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OBPgp279

The meaning of «obpgp279»

OBPgp279 (OBP genome protein 279) is an endolysin that hydrolyzes peptidoglycan, a major constituent in bacterial membrane.[1] OBPgp279 is found in Pseudomonas fluorescens phage OBP, which belongs in the Myoviridae family of bacteriophages. Because of its role in hydrolyzing the peptidoglycan layer, OBPgp279 is a key enzyme in the lytic cycle of the OBP bacteriophage; it allows the bacteriophage to lyse its host internally to escape. Unlike other endolysins, OBPgp279 does not rely on holins to perforate the inner bacterial membrane in order to reach the peptidoglycan layer.[1][2] Although OBPgp279 is not a well-studied enzyme, it has garnered interest as a potential antibacterial protein due to its activity against multidrug-resistant gram-negative bacteria.[3]

The mechanism of OBPgp279 is predicted to be analogous to glycoside hydrolase family 19 due to the presence of a conserved sequence motif (general sequence motif = [FHY]-G-R-G-[AP]-ζ-Q-[IL]-[ST]-[FHYW]-[HN]-[FY]-[NY], ζ= hydrophilic amino acid) in the catalytic domain of the enzyme.[1][5] Glycoside hydrolase family 19 is a group of endo-acting enzymes that hydrolyzes the glycosidic bonds of β-1,4-linked N-Acetylglucosamine (GlcNAc) typically within chitin; however, some enzymes in this family also demonstrate lysozyme activity.

Since bacterial cell walls do not contain chitin, OBPgp279 hydrolyzes β-1,4-linked GlcNAc in peptidoglycan.[2] The hydrolysis of β-1,4-linked GlcNAc is catalyzed by two glutamate residues in the active side, one acting as a general acid, and another acting as a general base.[6]

There is limited detail on the catalytic mechanism of OBPgp279. However, because OBPgp279 is analogous to family 19, it is possible to infer the structure of OBPgp279 binding to peptidoglycan from the substrate binding of glycoside hydrolase family 19.[4] The figure on the right shows an example of a glycoside hydrolase family 19 binding to chitin. OBPgp279 most likely has a similar active site, but it binds to peptidoglycan instead of chitin.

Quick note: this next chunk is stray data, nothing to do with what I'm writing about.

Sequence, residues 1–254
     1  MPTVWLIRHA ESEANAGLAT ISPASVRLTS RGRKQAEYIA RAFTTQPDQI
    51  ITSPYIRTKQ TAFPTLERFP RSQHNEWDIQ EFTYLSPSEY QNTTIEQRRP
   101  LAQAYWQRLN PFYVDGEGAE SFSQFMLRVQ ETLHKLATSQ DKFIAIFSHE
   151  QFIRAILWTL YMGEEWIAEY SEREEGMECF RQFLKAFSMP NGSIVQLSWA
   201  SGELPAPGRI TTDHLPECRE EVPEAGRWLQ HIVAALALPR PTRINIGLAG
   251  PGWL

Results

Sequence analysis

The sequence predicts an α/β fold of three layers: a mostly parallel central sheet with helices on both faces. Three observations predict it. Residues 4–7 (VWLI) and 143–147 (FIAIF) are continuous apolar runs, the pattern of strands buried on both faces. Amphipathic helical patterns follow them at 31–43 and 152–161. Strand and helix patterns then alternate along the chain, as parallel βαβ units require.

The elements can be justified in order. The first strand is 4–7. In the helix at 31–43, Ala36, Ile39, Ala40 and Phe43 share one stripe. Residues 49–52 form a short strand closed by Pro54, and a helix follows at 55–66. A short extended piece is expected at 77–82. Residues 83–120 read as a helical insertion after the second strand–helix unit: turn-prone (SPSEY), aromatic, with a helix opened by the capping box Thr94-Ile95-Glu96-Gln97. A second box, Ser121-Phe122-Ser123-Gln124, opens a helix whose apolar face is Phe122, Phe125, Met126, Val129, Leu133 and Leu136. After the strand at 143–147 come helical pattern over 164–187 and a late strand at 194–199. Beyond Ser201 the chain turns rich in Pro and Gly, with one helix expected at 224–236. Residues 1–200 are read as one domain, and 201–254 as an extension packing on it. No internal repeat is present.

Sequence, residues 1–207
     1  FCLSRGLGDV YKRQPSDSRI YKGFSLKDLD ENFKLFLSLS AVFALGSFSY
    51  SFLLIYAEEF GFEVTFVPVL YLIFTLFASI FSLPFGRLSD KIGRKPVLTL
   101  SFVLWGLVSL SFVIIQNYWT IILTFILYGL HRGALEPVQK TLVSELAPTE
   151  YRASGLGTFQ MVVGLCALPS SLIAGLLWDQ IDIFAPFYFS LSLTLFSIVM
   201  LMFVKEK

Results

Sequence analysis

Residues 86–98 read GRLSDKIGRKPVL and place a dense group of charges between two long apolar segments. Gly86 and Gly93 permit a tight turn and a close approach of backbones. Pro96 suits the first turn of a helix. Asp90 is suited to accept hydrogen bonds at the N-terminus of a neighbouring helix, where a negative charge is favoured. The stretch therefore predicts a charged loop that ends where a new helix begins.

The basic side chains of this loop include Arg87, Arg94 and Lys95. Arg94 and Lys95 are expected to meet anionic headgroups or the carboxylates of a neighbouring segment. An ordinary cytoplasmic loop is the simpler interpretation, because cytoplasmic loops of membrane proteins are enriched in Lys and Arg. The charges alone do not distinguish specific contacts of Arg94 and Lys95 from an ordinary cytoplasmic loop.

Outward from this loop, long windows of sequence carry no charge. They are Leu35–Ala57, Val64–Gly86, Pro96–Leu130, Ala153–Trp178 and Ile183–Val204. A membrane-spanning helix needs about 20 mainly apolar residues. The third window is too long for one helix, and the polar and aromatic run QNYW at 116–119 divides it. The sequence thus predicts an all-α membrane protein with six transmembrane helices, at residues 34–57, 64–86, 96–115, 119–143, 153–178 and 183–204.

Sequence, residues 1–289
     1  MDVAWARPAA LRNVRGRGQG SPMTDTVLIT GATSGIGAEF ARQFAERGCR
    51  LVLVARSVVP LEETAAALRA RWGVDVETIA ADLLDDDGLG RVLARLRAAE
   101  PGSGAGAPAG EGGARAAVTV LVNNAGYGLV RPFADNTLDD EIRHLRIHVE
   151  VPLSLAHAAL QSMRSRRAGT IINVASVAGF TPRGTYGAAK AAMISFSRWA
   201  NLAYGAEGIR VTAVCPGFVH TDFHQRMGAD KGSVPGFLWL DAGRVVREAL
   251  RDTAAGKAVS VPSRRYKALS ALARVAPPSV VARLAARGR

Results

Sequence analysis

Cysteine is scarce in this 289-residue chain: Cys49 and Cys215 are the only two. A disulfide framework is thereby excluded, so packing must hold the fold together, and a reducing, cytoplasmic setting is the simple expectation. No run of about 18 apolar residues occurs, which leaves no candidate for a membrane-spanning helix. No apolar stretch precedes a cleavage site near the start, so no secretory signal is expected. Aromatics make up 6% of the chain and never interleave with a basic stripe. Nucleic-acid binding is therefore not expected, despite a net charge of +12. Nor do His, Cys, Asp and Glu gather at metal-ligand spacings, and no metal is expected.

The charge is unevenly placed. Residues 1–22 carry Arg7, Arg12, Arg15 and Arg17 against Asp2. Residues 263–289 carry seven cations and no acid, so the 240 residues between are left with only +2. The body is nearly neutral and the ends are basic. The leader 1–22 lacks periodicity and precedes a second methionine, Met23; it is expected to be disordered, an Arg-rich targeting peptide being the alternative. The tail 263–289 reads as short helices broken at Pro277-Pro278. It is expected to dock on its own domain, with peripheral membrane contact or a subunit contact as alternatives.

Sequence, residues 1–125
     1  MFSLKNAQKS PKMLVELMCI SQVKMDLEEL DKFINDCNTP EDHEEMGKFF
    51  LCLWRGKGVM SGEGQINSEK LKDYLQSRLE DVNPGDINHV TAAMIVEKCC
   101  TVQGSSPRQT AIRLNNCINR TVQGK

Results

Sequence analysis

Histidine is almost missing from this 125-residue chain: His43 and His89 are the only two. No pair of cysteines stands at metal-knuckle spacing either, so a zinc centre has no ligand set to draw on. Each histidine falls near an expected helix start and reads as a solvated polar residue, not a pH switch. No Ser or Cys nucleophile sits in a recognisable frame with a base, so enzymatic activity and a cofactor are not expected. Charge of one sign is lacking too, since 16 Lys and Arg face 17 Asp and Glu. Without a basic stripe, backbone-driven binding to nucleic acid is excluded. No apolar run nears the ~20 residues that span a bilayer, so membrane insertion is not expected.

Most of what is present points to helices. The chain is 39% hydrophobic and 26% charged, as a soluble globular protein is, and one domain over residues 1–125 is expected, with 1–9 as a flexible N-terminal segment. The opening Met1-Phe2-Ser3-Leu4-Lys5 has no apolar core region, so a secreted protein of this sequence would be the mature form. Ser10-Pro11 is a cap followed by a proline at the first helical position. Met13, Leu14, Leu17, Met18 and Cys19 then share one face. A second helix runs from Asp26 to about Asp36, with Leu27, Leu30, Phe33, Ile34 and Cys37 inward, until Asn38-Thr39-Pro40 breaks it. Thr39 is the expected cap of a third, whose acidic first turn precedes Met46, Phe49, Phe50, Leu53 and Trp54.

Due to the activity of OBPgp279 on β-1,4-linked GlcNAc, it is likely that OBPgp279 is a N-acetylmuramidase (lysozyme-like) endolysin which hydrolyzes the sugar backbone component of the peptidoglycan on the reducing side of GlcNAc.[7]

The catalytic domain of the enzyme resides on the C-terminal region of the enzyme. OBPgp279 is also predicted to contain peptidoglycan binding domains; since OBPgp279 contains two peptidoglycan binding domain motifs in its N-terminal region (general sequence motif = D-G-(Pho)2-G-K/N-G/N-T, Pho =  hydrophobic amino acid), it likely contains two peptidoglycan binding domains as shown in the schematic drawing below.[1][8]

OBPgp279 has gained attention as a potential antibiotic because of the increasing prevalence of multidrug resistant gram-negative bacteria.[9] Typically, most endolysins rely on holin to reach the peptidoglycan layer of gram-negative bacteria. This limits their efficacy as standalone antibiotics; without holins or any membrane permeabilizers, they have low membrane penetration. In contrast, OBPgp279 is capable of penetrating the bacterial outer membrane to reach the peptidoglycan layer without needing holins or any membrane permeabilizers.[2]

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